Environmental clean-up set to reveal US Civil War-era weapons trove

Company set to spend almost $20m on river overhaul

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On February 17 1865 the Union army sacked Columbia, the capital city of South Carolina – and a confederate stronghold. General William Sherman and his 60,000-soldier army torched the city and raided the Confederate armoury as a punishment to the state for seceding from the US.

Sherman’s army took what they could, but threw the surplus munitions into the Congaree River in Columbia. Occasionally in the intervening years, someone would uncover a weapon in the river. But a decades-old tar spill put a toxic blanket over surviving evidence of Sherman’s raid.

Recent efforts to clean the riverbed have researchers salivating over evidence that once 40,000 tons of tar is removed, they can recover the Civil War relics.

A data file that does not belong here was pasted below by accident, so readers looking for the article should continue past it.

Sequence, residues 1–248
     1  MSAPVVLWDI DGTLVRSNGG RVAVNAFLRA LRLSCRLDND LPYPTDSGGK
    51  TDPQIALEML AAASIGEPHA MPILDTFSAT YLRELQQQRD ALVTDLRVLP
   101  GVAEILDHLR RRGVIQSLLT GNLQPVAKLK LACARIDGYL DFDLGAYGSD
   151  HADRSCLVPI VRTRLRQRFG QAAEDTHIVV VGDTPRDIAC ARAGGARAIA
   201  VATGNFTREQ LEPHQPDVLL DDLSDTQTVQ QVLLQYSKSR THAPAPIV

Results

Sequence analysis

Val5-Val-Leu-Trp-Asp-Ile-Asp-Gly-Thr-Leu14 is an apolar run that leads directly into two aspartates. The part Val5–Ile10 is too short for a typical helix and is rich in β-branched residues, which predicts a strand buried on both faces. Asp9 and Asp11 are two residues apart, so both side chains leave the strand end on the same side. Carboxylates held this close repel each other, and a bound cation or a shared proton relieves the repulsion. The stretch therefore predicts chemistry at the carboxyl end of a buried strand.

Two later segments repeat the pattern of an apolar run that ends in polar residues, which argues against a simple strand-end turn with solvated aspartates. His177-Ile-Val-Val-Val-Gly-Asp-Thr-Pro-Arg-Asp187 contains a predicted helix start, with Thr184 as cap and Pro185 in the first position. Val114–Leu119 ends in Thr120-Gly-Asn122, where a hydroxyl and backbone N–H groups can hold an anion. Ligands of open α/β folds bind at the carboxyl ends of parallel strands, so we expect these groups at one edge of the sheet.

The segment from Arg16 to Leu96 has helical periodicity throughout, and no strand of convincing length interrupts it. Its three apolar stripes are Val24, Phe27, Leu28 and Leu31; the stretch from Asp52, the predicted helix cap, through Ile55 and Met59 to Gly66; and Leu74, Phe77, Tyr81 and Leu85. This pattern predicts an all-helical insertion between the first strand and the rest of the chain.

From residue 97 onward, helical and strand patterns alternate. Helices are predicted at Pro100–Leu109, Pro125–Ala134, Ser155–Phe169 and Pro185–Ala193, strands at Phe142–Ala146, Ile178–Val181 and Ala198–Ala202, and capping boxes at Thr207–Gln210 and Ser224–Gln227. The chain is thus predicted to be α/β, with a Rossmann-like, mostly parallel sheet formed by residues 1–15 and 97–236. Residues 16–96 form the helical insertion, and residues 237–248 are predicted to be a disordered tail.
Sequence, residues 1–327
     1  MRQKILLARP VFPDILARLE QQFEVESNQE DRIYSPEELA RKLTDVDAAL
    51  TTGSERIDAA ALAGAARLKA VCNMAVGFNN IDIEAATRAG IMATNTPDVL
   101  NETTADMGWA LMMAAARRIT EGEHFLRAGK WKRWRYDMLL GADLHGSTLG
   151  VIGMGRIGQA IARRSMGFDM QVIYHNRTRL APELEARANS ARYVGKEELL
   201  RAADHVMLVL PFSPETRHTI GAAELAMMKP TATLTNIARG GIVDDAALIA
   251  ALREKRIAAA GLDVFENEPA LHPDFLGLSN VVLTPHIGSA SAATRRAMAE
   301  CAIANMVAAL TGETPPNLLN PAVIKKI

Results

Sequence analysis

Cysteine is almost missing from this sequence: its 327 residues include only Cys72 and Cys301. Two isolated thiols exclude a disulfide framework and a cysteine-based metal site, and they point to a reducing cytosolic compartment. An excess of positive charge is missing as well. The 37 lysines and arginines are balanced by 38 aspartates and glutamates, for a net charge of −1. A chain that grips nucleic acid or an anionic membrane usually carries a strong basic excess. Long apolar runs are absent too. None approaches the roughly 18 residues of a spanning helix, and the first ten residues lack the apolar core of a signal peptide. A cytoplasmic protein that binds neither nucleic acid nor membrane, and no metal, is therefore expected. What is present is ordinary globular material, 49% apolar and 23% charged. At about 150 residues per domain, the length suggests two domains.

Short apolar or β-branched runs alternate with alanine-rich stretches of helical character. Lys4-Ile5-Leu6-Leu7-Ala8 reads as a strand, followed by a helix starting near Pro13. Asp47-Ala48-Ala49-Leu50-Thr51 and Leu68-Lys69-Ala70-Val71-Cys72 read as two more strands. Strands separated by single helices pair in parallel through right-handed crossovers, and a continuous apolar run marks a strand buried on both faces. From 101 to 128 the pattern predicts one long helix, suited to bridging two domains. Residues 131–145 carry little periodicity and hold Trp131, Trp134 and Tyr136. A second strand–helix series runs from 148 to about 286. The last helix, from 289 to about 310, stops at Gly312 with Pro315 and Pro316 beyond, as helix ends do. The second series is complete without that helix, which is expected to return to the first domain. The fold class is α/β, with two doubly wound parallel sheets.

SCANA Corp., an energy firm, is heading an $18.5m (£12.1m) project to remove about 40,000 tons of tar from the Congaree, according to a report from the Columbia newspaper The State. In order to get rid of the tar, the river must be dammed for a good portion of three years so crews can access the 150-foot wide, 1,800-foot long, two-foot deep bed of tar.


Metal detectors and sonar have indicated the presence of at least a portion of the arsenal dumped into the river by Sherman’s troops. An inventory taken on the day of the raid documented 1.2 million cannon balls, 6,000 unfinished weapons, 4,000 bayonet scabbards and 3,100 sabres.

South Carolina was the first state to secede from the US, setting a series of events that led to the American Civil War. And after the Union army conquered the capital, they set to torching it.

“The truth is, the whole army is burning with an insatiable desire to wreak vengeance upon South Carolina,” Sherman wrote to Gen. Henry W Halleck, according to the Washington Post. “I almost tremble at her fate, but feel that she deserves all that seems in store for her.”

Historians are unsure of what exactly they’ll find once the tar is cleared, but are excited about the prospect of uncovering a 150-year-old piece of American history.